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WSH@SD: Lannan outduels Richard, earns win vs. Padres

SAN DIEGO -- The Nationals wore throwback jerseys of the 1936 Senators on Saturday at PETCO Park. Like those Senators, the Nationals played like a winning team and edged the Padres, 2-1, in front of 25,027 fans.

It was a game that saw Nationals manager Jim Riggleman make changes to the lineup. Outfielder Jayson Werth hit leadoff, pitcher John Lannan hit eighth, followed by left fielder Brian Bixler. Riggleman made the changes because the team is last in the Majors in offense.

Although the trio wasn't much of a factor in the game, the Nationals did enough to take the lead in the first inning against left-hander Clayton Richard.

Ian Desmond scored from first base on a double by Danny Espinosa. Two batters later, Wilson Ramos drove in Espinosa with a single to center field. The Nationals ended up going 1-for-4 with runners in scoring position.

"We just got [off to] kind of a rough start," Richard said. "We were able to settle down after that, but unfortunately it turned out to be a little too big of a hole."

As far as the Nationals' offense goes, Werth most likely will lead off again against the Padres on Sunday, but Riggleman seemed to have doubts that Jordan Zimmermann would bat eighth. They will face right-hander Tim Stauffer.

"I'm not sure what we will do tomorrow. It's different against the righty," Riggleman said. "It will be a little different on how we will put it together. We are thinking ahead to getting Zim [Ryan Zimmerman] back next week. We'll thinking about how we'll put it together with him, too. I'm going to give it some thought tonight."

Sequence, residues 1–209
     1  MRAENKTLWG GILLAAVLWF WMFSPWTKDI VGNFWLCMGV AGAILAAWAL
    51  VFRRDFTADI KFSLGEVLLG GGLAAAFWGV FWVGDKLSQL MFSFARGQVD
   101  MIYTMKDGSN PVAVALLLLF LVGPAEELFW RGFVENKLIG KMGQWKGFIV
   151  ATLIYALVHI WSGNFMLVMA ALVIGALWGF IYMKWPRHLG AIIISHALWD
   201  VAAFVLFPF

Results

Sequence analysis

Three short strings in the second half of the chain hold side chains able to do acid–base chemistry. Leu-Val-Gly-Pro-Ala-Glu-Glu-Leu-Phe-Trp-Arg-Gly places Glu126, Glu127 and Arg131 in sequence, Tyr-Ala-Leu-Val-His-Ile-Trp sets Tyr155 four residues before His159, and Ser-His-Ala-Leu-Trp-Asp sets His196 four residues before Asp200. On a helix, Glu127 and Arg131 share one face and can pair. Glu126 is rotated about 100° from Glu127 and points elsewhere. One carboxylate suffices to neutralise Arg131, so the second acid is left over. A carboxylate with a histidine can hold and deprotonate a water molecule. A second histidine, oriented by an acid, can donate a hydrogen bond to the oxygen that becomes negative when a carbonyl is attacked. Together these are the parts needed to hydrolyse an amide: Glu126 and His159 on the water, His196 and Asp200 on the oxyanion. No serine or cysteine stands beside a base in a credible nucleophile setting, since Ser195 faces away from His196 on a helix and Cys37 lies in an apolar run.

While he didn't perform in the batter's box, Lannan did the job on the mound, allowing one run in 6 1/3 innings. It came in the second inning, when Anthony Rizzo hit his first big league homer over the right-field wall.

Lannan also dodged a bullet. It appeared that Ryan Ludwick hit a home run in the fourth inning. The ball was ruled to have hit the line representing the foul pole on a wall in the left-field stands. Nationals third baseman Jerry Hairston Jr. protested, claiming the ball was foul, and Riggleman popped out of the dugout, prompting an official review by the umpiring crew. The umpires agreed with Hairston. Ludwick ended up striking out.

"I really went by Jerry Hairston's reaction," Riggleman said. "From where it bounced, it must be foul. I wasn't sure. Jerry was very adamant that it was foul. Obviously in today's world, it going to be reviewed, and we got it [reversed]."

Lannan is quietly putting together a quality season. After a slow start, he won his fourth game and has lowered his ERA to 3.60. He is looking like the pitcher who led the Nationals in innings pitched and wins in 2009.

While with Double-A Harrisburg last year, Lannan learned that he had to get back to what made him successful: pound the strike zone with his fastball and sinker.

Asked if he was back to being the pitcher that was the ace in 2009, Lannan said, "I think, over time, you change, you adapt and you learn more every day. I've grown up. A lot of things that used to get to me, don't any more. I handle myself on the mound a little better. It's just growing up."

It helps that Lannan has learned a lot from a pitching coach like Steve McCatty, who played in the Major Leagues for nine years. McCatty said Lannan has been more focused, especially in the last four games. In those four, Lannan has allowed three runs in 26 1/3 innings.

"He should have two pitches that he could throw over at any time and at any count," McCatty said. "... You have to understand what you are. He is a guy that has a good change up ... but when all else fails, you are going to go back to what you trust. You have to make pitches with it."

The Nationals trusted Lannan on Saturday and received the victory.

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